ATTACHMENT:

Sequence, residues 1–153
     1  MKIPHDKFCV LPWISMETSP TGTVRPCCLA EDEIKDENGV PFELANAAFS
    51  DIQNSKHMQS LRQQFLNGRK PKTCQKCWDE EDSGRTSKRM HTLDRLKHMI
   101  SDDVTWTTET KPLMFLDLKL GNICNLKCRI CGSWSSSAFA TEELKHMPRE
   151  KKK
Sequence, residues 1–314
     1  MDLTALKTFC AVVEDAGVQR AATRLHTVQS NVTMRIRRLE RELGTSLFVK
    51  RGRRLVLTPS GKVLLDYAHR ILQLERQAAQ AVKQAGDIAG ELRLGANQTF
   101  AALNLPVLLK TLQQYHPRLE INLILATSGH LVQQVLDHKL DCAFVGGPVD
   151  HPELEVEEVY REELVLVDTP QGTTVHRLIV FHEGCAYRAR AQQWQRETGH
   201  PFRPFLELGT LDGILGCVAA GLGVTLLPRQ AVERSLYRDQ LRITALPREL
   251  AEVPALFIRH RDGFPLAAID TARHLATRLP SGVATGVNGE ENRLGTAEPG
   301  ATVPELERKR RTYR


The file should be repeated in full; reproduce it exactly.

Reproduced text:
Sequence, residues 1–153
     1  MKIPHDKFCV LPWISMETSP TGTVRPCCLA EDEIKDENGV PFELANAAFS
    51  DIQNSKHMQS LRQQFLNGRK PKTCQKCWDE EDSGRTSKRM HTLDRLKHMI
   101  SDDVTWTTET KPLMFLDLKL GNICNLKCRI CGSWSSSAFA TEELKHMPRE
   151  KKK
Sequence, residues 1–314
     1  MDLTALKTFC AVVEDAGVQR AATRLHTVQS NVTMRIRRLE RELGTSLFVK
    51  RGRRLVLTPS GKVLLDYAHR ILQLERQAAQ AVKQAGDIAG ELRLGANQTF
   101  AALNLPVLLK TLQQYHPRLE INLILATSGH LVQQVLDHKL DCAFVGGPVD
   151  HPELEVEEVY REELVLVDTP QGTTVHRLIV FHEGCAYRAR AQQWQRETGH
   201  PFRPFLELGT LDGILGCVAA GLGVTLLPRQ AVERSLYRDQ LRITALPREL
   251  AEVPALFIRH RDGFPLAAID TARHLATRLP SGVATGVNGE ENRLGTAEPG
   301  ATVPELERKR RTYR